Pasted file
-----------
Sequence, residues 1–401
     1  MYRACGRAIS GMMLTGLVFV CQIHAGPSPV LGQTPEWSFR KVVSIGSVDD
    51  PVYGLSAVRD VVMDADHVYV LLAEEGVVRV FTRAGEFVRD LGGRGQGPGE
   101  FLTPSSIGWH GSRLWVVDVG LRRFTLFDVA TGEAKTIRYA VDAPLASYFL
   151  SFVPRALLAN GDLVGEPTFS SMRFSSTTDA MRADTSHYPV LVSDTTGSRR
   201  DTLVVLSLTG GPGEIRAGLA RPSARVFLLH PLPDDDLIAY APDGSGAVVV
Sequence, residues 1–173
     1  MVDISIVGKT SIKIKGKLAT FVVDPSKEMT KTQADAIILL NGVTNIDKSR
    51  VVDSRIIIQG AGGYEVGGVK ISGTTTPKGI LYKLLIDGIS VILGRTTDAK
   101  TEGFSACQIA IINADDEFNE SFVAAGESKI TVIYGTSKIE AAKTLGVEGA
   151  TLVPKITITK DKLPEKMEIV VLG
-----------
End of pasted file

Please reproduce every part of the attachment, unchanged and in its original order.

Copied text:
Sequence, residues 1–401
     1  MYRACGRAIS GMMLTGLVFV CQIHAGPSPV LGQTPEWSFR KVVSIGSVDD
    51  PVYGLSAVRD VVMDADHVYV LLAEEGVVRV FTRAGEFVRD LGGRGQGPGE
   101  FLTPSSIGWH GSRLWVVDVG LRRFTLFDVA TGEAKTIRYA VDAPLASYFL
   151  SFVPRALLAN GDLVGEPTFS SMRFSSTTDA MRADTSHYPV LVSDTTGSRR
   201  DTLVVLSLTG GPGEIRAGLA RPSARVFLLH PLPDDDLIAY APDGSGAVVV
Sequence, residues 1–173
     1  MVDISIVGKT SIKIKGKLAT FVVDPSKEMT KTQADAIILL NGVTNIDKSR
    51  VVDSRIIIQG AGGYEVGGVK ISGTTTPKGI LYKLLIDGIS VILGRTTDAK
   101  TEGFSACQIA IINADDEFNE SFVAAGESKI TVIYGTSKIE AAKTLGVEGA
   151  TLVPKITITK DKLPEKMEIV VLG